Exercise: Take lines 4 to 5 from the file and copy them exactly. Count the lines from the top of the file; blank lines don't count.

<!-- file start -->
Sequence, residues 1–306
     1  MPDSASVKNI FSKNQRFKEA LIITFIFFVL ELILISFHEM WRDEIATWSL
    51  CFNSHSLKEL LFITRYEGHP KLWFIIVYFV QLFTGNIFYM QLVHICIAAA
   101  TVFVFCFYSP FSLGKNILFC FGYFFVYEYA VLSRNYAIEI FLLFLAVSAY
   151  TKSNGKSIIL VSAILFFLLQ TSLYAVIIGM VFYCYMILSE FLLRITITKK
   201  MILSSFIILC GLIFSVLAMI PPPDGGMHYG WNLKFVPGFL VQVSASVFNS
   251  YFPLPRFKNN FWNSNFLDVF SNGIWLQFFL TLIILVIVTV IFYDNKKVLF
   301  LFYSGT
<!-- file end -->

   101  TVFVFCFYSP FSLGKNILFC FGYFFVYEYA VLSRNYAIEI FLLFLAVSAY
   151  TKSNGKSIIL VSAILFFLLQ TSLYAVIIGM VFYCYMILSE FLLRITITKK